On receiving the two volumes of Eardley Norton: A Biography I, not unnaturally perhaps, wondered what had led Suresh Balakrishnan to embark on this thousand page plus project. Norton today would be barely known outside a small set with knowledge about the history of the legal profession in Chennai. Evidently this erasure of memory is what spurred the author, himself an advocate in Chennai, to dig deep and spread a wide net to resurrect the life and times of Norton. The result is a biography, which succeeds in this aim very ably and has returned to public knowledge a remarkable lawyer of colonial India.
Eardley Norton (1852-1931) was in his time a celebrated lawyer of Madras, and also later in Calcutta. He was also, alongside a number of other enlightened Englishmen, active in the early years of the Indian National Congress and may well have been one of its Presidents but for a scandal associated with a marriage on the rocks and an extra-marital affair. Finally, Norton was also an inspired journalist. Balakrishnan has recounted all these different facets with narrative zest, admirable patience and energy. He has also gone to considerable effort to dig out details of the Norton family history in India going back to Eardley’s grandfather who was a judge in the then Supreme Court of Madras in the 1840s. Similarly along with details of growing up in Madras we are also given a comprehensive account of a still young Eardley being sent to boarding school in England—common practice for English families living in India then.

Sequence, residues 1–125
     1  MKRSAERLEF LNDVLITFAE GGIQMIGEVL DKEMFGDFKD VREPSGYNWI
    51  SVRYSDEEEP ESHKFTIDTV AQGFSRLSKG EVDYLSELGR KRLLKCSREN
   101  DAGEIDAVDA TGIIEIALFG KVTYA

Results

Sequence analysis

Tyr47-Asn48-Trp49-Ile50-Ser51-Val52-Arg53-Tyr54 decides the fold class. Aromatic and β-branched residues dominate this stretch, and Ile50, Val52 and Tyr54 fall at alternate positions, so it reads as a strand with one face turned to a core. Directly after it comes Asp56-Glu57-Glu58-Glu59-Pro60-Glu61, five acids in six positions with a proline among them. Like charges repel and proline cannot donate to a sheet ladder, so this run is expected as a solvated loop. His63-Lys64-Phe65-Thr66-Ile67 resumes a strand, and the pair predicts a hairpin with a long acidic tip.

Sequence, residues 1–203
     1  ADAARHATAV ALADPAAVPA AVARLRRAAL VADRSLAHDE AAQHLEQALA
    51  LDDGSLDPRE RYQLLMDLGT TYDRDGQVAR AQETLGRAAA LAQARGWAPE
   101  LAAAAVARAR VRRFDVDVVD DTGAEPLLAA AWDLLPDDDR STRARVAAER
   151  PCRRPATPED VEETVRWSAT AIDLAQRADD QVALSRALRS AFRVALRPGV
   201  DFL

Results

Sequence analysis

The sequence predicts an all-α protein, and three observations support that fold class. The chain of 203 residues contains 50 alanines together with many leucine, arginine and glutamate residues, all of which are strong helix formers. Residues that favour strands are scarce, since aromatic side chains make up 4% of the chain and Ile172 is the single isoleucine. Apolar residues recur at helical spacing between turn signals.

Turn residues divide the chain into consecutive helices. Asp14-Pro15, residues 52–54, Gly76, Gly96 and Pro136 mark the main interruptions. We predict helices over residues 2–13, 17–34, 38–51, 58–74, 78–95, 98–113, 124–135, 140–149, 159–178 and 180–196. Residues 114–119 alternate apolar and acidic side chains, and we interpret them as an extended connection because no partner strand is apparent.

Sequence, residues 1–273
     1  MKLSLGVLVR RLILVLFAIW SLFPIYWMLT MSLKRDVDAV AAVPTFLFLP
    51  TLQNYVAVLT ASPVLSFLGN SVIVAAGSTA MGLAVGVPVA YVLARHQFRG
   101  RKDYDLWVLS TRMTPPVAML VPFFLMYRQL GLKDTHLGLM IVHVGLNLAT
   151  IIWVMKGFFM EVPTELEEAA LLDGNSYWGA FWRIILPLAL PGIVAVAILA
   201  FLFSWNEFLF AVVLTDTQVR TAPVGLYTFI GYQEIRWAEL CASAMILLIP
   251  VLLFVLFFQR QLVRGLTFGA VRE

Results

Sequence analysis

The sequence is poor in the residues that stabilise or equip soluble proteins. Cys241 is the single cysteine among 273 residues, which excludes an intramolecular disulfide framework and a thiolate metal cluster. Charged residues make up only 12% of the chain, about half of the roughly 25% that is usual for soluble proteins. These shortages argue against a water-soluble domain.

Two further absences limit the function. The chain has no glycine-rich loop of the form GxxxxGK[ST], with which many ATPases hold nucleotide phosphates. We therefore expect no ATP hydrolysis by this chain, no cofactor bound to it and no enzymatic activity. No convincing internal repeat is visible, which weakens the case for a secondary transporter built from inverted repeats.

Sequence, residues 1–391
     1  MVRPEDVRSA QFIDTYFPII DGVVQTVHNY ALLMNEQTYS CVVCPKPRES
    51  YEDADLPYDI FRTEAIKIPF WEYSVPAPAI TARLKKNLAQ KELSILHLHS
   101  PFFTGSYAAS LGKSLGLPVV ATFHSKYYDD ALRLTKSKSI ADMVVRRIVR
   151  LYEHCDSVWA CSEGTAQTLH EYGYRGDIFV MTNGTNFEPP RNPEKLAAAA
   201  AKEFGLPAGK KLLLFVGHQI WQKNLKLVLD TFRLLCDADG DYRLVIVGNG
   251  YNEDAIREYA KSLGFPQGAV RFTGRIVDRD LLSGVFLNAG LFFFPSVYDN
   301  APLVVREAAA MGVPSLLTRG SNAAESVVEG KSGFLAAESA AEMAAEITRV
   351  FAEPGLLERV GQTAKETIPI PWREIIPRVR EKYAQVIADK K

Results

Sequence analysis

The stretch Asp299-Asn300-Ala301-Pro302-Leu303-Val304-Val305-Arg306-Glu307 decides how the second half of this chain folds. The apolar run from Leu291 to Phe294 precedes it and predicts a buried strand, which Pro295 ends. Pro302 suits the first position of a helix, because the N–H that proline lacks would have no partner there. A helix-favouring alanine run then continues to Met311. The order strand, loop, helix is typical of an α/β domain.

Norton returned to India by the end of the 1870s somewhat reluctantly, having failed in his attempts to establish himself at the English bar. His legal career in India was however spectacular despite major mishaps from time to time. He was at difficult times Coroner of Madras (and his activism in that office was a contributory factor in its being wound up), Municipal Commissioner, Member of the Madras Legislative Council and of the Central Legislative Assembly. He was also a brilliant and well-known socialite. His residence in Dunmore House in Chennai was the venue of a large number of fabulous parties and a reception he hosted for the delegates to the 1887 Congress session held in Madras was much commented upon. As mentioned earlier he may well have been President of the Indian National Congress but for a scandal that eroded his standing amongst the more conservative sections in that still nascent political platform. The bulk of this two-volume biography however relates to Norton at the bar for it was at the bar that he excelled. Through this book you can track Norton’s legal biography and the political history of India on much the same graph through the range of litigation he was at the centre of.